I’m writing this from our luxurious suite at the Fairmont Chateau Frontenac in beautiful, old Quebec City, Quebec.
Heather and I are here, along with about 74 other Mennonite Brethren affiliated church planting couples from across Canada, and a handful of other connected people. The event is an all-expense paid retreat for church planters, put on by the C2C Network–the national counterpart to Church Planting BC, our British Columbian parent organization. Dan and Bev Rutherford, of Gateway Baptist Church (our home / parent church in Victoria for the duration of my church planting “apprenticeship”) are also here with us. And what a treat we are enjoying!
Our music for worship times is provided by BC’s own Brian Doerksen; the teaching by Jeff Vanderstelt of Soma Communities in Tacoma Washington. If what we have experienced so far of our 4 day stay here is any indication, we will be spending a lot of time on what feels like holy ground! And that’s appropriate: many of the couples attending here have endured significant suffering for the sake of the Gospel. What makes this holy ground is not so much the great Gospel-centred teaching (though Jeff is great) or the music (you do know who Brian Doerksen is don’t you?), but rather the privilege of worshipping alongside men and women who are giving their all for the sake of the name of Jesus in the resistant church planting soil of Canada’s cities. Did you know that 64% of Canadians now live in just a handful of major cities? These people know that and have intentionally moved to plant new churches in those cities–Quebec, Montreal, Toronto, Winnipeg, Saskatoon, Calgary, Edmonton, Vancouver, Surrey and Victoria, to name a few. This in spite of the high personal costs involved. I am moved by the honour of being counted in such company!
I don’t think I’m far off the mark in guessing that these people at this retreat represent about 75 new churches recently planted, being planted, or about to be planted in Canadian urban centres. And, true to C2C’s core values, these are designed to be Gospel-centred, Spirit-led, Mission-focused churches. Not your garden-variety Christian country clubs. On the plane coming to Quebec City, I had the chance to visit briefly with one of the members of Canada’s next Olympic Team for the London games in 2012. He and his partner just qualified by winning gold in the Pan-American Games in Mexico. That’s where he was returning from on the Air Canada flight we shared. During our conversation he acknowledged that Christianity–the Catholic Church in particular–had done a great deal of harm throughout history. So I told him, in a nutshell, about what the C2C Network is trying to do: to do good in the midst of Canada’s cities by establishing Christian communities where people can find acceptance, belonging, and healing through being reconciled to God, through Jesus Christ, and to each other. He said he thought that sounded pretty good. I think that this is a goal worth striving for, fighting for, sacrificing for. Though I am certainly no athlete, I’m pretty sure a gold medal cannot properly communicate what the athlete pays in countless ways to achieve it. That’s not how it will be one day when the King of kings gives His reward!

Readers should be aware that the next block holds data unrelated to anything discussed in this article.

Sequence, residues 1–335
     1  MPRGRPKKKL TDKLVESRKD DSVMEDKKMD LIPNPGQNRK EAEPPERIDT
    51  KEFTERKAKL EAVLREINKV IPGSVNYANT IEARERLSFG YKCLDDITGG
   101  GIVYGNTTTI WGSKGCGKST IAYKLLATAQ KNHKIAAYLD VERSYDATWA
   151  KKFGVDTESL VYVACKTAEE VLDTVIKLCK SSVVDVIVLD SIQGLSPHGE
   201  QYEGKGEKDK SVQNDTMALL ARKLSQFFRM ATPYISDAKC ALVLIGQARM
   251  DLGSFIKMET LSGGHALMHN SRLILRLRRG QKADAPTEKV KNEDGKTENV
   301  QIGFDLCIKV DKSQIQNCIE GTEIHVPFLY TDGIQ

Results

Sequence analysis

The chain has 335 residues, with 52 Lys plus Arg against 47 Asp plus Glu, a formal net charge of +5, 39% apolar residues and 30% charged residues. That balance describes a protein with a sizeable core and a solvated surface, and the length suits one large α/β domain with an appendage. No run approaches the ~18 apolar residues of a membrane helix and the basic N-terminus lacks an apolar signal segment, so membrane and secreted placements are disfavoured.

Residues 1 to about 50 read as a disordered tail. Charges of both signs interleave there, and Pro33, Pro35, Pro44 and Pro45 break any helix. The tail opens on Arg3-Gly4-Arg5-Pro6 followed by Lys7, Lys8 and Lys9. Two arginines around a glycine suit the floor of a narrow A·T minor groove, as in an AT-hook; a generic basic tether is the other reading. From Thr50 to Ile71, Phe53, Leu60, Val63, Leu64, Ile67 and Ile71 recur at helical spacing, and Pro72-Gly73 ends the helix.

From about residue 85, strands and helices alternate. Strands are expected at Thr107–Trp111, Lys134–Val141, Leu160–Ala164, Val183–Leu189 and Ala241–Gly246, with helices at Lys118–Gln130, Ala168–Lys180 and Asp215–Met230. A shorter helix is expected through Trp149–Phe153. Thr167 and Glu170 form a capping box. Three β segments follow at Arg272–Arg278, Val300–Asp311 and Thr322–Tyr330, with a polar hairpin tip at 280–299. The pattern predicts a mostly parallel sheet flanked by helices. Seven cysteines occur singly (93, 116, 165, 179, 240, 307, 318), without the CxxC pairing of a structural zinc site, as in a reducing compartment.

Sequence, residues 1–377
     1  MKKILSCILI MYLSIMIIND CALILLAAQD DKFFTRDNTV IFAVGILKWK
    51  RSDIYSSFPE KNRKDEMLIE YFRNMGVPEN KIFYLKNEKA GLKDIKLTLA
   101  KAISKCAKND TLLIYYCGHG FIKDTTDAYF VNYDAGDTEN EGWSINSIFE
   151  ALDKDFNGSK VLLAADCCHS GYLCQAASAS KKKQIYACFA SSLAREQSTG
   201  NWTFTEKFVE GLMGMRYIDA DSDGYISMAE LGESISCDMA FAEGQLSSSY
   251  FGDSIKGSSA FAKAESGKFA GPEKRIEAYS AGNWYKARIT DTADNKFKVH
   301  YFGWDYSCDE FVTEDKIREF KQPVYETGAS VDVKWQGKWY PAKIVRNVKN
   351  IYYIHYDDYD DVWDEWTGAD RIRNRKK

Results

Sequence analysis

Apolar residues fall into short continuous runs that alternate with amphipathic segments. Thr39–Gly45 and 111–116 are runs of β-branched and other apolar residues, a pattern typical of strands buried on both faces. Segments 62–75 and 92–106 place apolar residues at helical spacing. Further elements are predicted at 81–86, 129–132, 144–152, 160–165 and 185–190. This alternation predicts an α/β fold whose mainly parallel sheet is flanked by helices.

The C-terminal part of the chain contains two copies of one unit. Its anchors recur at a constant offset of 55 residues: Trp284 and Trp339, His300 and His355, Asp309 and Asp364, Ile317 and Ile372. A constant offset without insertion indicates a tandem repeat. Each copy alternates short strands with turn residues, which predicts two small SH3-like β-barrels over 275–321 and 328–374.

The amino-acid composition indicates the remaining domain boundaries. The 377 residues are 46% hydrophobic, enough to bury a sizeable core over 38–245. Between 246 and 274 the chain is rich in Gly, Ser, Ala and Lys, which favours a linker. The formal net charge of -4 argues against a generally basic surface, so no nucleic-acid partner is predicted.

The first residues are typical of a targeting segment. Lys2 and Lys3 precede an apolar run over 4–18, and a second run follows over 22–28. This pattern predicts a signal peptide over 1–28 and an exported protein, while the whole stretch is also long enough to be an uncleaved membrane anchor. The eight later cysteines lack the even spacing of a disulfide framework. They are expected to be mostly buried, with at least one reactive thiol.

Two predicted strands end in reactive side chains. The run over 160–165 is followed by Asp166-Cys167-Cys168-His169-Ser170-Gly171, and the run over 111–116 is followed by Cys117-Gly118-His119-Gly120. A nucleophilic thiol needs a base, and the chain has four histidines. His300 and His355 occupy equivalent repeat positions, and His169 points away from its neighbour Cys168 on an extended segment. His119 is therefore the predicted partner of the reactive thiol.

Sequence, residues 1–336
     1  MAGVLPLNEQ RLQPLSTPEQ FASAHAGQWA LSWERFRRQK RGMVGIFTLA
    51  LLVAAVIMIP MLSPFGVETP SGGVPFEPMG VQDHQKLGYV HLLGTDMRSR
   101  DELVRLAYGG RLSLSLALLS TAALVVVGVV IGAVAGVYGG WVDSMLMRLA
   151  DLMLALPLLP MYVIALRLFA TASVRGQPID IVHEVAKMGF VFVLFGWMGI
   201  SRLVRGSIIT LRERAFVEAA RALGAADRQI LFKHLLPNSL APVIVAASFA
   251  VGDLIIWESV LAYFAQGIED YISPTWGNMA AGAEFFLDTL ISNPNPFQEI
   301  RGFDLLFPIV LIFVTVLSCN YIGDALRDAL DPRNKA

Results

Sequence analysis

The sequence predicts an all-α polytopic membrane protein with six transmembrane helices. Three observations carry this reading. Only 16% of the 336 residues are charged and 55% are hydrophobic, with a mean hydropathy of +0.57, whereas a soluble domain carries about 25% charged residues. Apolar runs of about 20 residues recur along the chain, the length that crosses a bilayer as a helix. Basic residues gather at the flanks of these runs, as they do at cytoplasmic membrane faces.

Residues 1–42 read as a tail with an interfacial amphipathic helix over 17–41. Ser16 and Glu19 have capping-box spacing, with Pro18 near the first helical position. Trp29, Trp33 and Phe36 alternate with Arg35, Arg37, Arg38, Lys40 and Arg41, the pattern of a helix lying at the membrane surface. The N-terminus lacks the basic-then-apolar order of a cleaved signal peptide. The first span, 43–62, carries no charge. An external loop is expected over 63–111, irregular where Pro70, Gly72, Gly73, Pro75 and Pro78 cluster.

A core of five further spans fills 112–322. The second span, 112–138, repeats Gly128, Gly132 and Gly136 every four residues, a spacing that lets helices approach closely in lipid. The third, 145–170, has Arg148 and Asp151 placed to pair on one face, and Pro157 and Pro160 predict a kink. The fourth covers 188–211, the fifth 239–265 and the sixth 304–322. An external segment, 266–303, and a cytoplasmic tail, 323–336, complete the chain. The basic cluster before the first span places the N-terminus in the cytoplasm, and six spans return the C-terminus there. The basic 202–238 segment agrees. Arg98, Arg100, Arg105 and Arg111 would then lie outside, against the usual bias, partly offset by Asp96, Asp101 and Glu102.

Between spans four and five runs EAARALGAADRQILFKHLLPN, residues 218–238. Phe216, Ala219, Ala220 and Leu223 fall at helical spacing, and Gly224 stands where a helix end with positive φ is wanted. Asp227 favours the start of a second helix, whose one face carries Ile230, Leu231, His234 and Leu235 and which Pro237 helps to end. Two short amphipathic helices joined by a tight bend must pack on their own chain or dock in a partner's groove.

I have fought the good fight, I have finished the race, I have kept the faith. Henceforth there is laid up for me the crown of righteousness, which the Lord, the righteous judge, will award to me on that Day, and not only to me but also to all who have loved his appearing. (2 Timothy 4:7-8 ESV)
Tonight we prayed en masse for the cities of Quebec, including for Quebec City itself. One of the pastors, in his testimony, compared his love for his city, Montreal, to the love a man has for a woman. These people are emotional about the cities they dream of reaching with the Gospel. I know Jesus is infinitely more emotional about the cities He has sent people like this to reach with the life-giving, transformative message of His life, death, resurrection and soon return. And I guess the question that keeps coming to mind is this: why did it take me so long to commit myself to such a worthy goal? Moreover, why are there only approximately 75 new churches represented here? What kind of impact would 750 new Canadian, Gospel-centred, Spirit-led, Mission-focused churches have on our cities? What about 7500? What about 75,000?
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